Meghan and Harry attracted their share of critics as well, with many decrying the interview as a self-serving assault on the royal family that could weaken the monarchy. “Harry is blowing up his family,” Zac Goldsmith, a Conservative official, wrote on Twitter. “What Meghan wants, Meghan gets.”

Others questioned the newsworthiness of the interview, which has dominated discussion on both sides of the Atlantic since it was broadcast Sunday night in the U.S.

Defenders of the British tabloid press, which carried on a yearslong feud with the couple and which Harry has flatly called racist, also spoke out against what they viewed as an attack.

“The U.K. media is not bigoted and will not be swayed from its vital role holding the rich and powerful to account,” Ian Murray, executive of the Society of Editors, wrote in a statement. He added that it was “strange indeed” that the couple had taken issue with the British press for intrusions into private lives but opened up to the American media.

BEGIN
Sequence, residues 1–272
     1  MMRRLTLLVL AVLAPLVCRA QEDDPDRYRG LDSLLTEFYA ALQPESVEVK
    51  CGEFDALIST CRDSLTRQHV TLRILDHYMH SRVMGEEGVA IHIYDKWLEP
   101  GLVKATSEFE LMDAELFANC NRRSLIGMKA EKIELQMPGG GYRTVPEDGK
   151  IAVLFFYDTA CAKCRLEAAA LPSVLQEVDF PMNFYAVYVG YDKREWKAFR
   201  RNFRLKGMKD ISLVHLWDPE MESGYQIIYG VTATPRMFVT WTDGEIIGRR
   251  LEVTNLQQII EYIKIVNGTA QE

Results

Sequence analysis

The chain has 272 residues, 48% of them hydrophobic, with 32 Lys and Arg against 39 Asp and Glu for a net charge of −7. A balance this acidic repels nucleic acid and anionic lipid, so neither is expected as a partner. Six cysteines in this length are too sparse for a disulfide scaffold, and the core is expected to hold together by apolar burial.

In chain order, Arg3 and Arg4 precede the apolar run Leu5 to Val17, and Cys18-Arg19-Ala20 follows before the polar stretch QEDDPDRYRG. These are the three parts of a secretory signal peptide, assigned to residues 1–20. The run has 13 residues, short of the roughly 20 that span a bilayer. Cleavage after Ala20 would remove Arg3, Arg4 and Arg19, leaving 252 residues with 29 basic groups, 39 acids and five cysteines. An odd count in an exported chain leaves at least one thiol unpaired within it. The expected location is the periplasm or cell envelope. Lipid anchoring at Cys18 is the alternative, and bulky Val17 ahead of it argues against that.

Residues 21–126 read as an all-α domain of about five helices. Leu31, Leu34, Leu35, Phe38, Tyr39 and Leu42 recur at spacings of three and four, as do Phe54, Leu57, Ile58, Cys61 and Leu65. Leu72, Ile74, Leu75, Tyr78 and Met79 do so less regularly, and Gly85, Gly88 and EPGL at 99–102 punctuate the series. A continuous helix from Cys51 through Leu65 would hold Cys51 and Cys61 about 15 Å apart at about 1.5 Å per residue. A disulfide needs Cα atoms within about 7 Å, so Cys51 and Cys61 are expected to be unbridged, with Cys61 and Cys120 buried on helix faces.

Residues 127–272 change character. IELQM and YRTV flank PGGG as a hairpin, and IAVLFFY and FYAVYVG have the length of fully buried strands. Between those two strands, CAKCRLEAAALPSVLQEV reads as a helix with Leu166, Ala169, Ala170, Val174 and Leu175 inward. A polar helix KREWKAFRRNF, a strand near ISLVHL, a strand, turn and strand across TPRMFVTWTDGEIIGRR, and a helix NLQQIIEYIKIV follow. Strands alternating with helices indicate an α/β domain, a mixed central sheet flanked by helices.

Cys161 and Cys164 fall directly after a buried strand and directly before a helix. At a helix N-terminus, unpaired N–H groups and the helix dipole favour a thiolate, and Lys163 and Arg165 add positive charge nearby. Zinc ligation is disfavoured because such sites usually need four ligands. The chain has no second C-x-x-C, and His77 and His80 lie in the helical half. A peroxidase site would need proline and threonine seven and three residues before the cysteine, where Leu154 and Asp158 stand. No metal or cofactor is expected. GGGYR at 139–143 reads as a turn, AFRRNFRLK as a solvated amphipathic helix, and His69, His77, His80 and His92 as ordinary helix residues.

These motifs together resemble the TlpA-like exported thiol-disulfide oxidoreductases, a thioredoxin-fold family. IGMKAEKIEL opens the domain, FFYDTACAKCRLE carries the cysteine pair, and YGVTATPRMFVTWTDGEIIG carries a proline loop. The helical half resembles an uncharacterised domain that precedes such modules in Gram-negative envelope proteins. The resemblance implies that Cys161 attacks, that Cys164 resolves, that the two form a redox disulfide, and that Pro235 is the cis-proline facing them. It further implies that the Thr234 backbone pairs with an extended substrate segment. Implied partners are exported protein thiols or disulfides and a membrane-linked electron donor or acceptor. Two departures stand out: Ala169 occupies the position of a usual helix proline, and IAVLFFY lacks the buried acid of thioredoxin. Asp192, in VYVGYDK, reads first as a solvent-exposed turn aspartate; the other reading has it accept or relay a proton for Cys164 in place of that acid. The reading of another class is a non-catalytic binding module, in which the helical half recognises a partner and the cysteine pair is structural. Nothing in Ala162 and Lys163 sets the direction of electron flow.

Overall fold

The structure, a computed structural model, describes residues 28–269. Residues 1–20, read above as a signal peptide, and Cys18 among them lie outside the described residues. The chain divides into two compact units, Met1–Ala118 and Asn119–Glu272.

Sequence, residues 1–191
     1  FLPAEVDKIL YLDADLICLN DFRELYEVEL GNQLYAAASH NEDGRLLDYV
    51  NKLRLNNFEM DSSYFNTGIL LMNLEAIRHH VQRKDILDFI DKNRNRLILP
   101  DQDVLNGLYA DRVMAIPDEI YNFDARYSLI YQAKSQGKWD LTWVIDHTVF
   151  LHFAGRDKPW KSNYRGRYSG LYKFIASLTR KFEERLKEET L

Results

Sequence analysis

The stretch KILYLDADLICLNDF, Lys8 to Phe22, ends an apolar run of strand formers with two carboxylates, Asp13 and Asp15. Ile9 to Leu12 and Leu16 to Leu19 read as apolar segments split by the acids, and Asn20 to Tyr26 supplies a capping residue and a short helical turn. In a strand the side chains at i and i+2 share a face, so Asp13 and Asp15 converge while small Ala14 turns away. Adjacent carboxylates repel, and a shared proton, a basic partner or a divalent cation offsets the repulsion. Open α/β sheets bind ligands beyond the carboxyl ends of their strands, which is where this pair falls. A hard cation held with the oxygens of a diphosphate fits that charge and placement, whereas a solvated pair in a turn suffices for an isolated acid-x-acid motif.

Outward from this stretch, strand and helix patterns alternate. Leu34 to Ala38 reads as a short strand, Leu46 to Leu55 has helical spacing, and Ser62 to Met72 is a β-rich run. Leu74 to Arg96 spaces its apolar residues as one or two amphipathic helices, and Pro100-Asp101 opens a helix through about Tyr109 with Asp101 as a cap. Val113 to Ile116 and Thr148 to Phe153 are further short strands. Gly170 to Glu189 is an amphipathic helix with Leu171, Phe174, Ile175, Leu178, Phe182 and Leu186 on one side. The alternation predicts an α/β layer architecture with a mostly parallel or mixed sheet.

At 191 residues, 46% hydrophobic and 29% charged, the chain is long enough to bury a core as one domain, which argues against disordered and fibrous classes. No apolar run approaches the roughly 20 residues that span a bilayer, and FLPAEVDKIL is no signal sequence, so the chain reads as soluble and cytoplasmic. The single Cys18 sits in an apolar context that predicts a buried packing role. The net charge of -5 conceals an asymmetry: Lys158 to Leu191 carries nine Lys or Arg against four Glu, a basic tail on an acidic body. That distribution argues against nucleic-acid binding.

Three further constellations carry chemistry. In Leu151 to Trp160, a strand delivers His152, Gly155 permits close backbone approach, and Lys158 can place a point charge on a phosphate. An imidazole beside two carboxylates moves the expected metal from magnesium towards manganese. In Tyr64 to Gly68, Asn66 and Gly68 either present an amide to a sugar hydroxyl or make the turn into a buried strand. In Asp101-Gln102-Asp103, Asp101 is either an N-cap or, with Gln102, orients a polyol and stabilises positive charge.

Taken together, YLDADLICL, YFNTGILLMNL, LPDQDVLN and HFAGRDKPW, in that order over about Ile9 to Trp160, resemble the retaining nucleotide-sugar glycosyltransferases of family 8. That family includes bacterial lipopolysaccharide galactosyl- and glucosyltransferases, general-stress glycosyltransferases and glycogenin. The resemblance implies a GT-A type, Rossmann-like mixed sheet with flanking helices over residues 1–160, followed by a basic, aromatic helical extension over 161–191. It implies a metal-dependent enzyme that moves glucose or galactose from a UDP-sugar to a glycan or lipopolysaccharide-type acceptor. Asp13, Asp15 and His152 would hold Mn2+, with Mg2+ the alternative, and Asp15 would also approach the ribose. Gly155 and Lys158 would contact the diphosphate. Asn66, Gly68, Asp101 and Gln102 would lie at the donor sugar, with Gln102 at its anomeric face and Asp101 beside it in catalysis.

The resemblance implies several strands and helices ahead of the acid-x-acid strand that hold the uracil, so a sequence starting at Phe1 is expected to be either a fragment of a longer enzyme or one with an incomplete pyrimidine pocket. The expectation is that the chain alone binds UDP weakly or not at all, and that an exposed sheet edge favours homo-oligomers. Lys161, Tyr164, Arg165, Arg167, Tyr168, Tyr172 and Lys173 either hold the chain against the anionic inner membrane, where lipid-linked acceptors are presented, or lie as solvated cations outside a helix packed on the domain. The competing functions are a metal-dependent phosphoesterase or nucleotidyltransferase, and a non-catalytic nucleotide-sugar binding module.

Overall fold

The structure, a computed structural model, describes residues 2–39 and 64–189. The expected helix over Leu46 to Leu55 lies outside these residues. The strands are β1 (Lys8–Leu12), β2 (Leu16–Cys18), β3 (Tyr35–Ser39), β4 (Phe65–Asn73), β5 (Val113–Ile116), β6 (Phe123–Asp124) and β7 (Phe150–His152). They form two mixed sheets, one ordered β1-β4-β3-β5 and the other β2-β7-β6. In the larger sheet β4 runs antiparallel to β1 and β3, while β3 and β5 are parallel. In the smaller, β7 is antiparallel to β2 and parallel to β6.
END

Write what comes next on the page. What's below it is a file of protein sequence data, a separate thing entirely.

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Meghan Markle Says She Sought Help Over Suicidal Thoughts

In an emotional and arresting disclosure, Meghan Markle described approaching Prince Harry and the royal family and seeking help with persistent suicidal thoughts during her pregnancy, after months of bullying from the press and being barred from leaving the house.

“I just didn’t want to be alive anymore,” she said. “And that was a very clear and real and frightening constant thought. And I remember — I remember how he just cradled me.”

Meghan said she later asked a senior royal about the possibility of seeking inpatient care, and was told that would not be possible because it “wouldn’t be good for the institution.”

And that was that.

Meghan had surrendered her keys, driver’s license and passport upon joining the family. “I couldn’t, you know, call an Uber to the palace,” she said.

a podcast made by The Telegraph. He came “very close to total breakdown on numerous occasions, when all sorts of grief and lies and misconceptions are coming to you from every angle,” he said.

In 2019, he and Oprah announced a documentary about “mental illness and mental wellness,” which is to air on Apple TV+ later this year.

Harry later said mental health had played a key role in his decision to redefine his role in the family.

SpeakingOfSuicide.com/resources for a list of additional resources.